Amerigo Vespucci


He was an Italian explorer who had the distinction of recognizing the fact that the lands discovered by Columbus, was not Asia, but a separate continent. Due to strange circumstances, America was named after him in 1507, when the German cartographer, Martin Waldseemüller, having read about Vespucci's travels to the New World, and not Columbus' printed the first map using the name Amerigo for the New World.

On his first expedition, he was the navigator for Alonzo de Ojeda. They left Spain in 1499 and discovered the mouth of the Amazon and Orinoco River in South America. They returned to Spain in 1500. On his second expedition to the New World, he was sailing for Portugal, and left in 1501. He mapped the eastern coast of the New World, and realize that they were not in Asia, but a totally different, unknown continent.

 In 1503 or 1504, Amerigo published a pamphlet, in Latin, under the Latinized name of Albericus Vesputius, entitled Mundus Novus. In this pamphlet, he stated his belief that the land reached by Columbus, was really a New World. This was contrary to Columbus continued insistence that he had reached India. Since Columbus was so firmly entrenched in his belief, he did not give these lands a collective name (like Columbus). He would give the islands and regions he saw and or landed on, a name, but he could not rename India or China. 
This woodcut was in Amerigo Vespucci's pamphlet published in 1505, about his journeys to the New World
 In 1507, the Institute at Saint-Dié in Lorraine, decided to reprint, the Mundus Novus pamphlet published by Amerigo. They wanted to include a map of the New World, and name the new publication, Cosmographiae Introductio. The person chosen to write the preface of this scholarly work, was Martin Waldseemüller, the new and upcoming geographer, of the Institute. In Latin,  he basically wrote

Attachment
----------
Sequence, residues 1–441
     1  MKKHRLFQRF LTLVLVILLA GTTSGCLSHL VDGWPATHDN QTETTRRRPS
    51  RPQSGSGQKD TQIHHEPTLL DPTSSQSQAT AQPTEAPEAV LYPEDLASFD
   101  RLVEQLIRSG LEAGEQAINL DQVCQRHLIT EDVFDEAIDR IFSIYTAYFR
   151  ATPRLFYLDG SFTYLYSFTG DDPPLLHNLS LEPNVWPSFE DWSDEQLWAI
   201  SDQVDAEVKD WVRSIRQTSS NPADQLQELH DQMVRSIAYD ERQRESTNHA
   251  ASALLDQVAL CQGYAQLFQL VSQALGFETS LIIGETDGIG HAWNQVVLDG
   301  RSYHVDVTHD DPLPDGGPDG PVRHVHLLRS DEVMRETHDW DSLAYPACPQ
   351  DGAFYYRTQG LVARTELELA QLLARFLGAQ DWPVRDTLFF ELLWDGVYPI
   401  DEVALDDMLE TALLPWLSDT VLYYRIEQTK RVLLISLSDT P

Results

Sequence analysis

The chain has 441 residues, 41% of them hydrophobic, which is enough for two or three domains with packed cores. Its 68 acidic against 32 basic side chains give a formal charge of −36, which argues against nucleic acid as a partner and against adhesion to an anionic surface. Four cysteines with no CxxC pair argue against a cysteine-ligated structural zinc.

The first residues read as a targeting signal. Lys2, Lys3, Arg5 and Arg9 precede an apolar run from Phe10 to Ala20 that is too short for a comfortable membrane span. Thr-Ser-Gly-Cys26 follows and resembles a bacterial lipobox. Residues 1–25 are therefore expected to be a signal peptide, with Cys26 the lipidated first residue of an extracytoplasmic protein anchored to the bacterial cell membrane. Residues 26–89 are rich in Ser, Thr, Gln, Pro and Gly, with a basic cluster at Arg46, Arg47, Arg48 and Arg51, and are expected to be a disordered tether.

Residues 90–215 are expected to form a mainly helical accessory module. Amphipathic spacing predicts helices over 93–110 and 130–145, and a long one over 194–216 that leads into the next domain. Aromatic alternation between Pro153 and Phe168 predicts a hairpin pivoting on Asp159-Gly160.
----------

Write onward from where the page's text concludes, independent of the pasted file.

"Now, indeed, these continents (the three "older" continents, Europe, Africa and Asia) have been broadly explored, and a fourth continent had been found by Americus Vesputius, as will be shown later. I do not see why anyone should rightfully object to calling this continent for Americus (its discoverer, a man of intelligence) to wit, Amerige, that is, Land of Americus, or America - since both Europe and Asia got their names from women."

His proposed name of Amerige is the Italian name, Ameri with the Greek word for land, ge, for the new continent. His second suggestion, America is the Latin Feminine form of Americus, the name used by Amerigo, in his Mundus Novus, publication. For some unknown reason, when he published the two maps in 1507, he printed the name America on the map of South America. Waldseemüller, later changed his mind on Amerigo Vespucci's credibility, and the name of America was omitted from his later maps. But by then, it was too late. 

Cosmographiae Introductio had a wide circulation,  as well as the map. Within a few years, the name America was widely established, and even though Waldseemüller later omitted the name from his maps, America was the name. It is ironic that the man that gave the name to the land discovered by Columbus, never visited America, and depended on his knowledge of this land, from the writings of others.

Map published in Cosmographiae Introductio on 1507 and drawn by Martin Waldseemüller

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February 12, 2002
Bruce C. Ruiz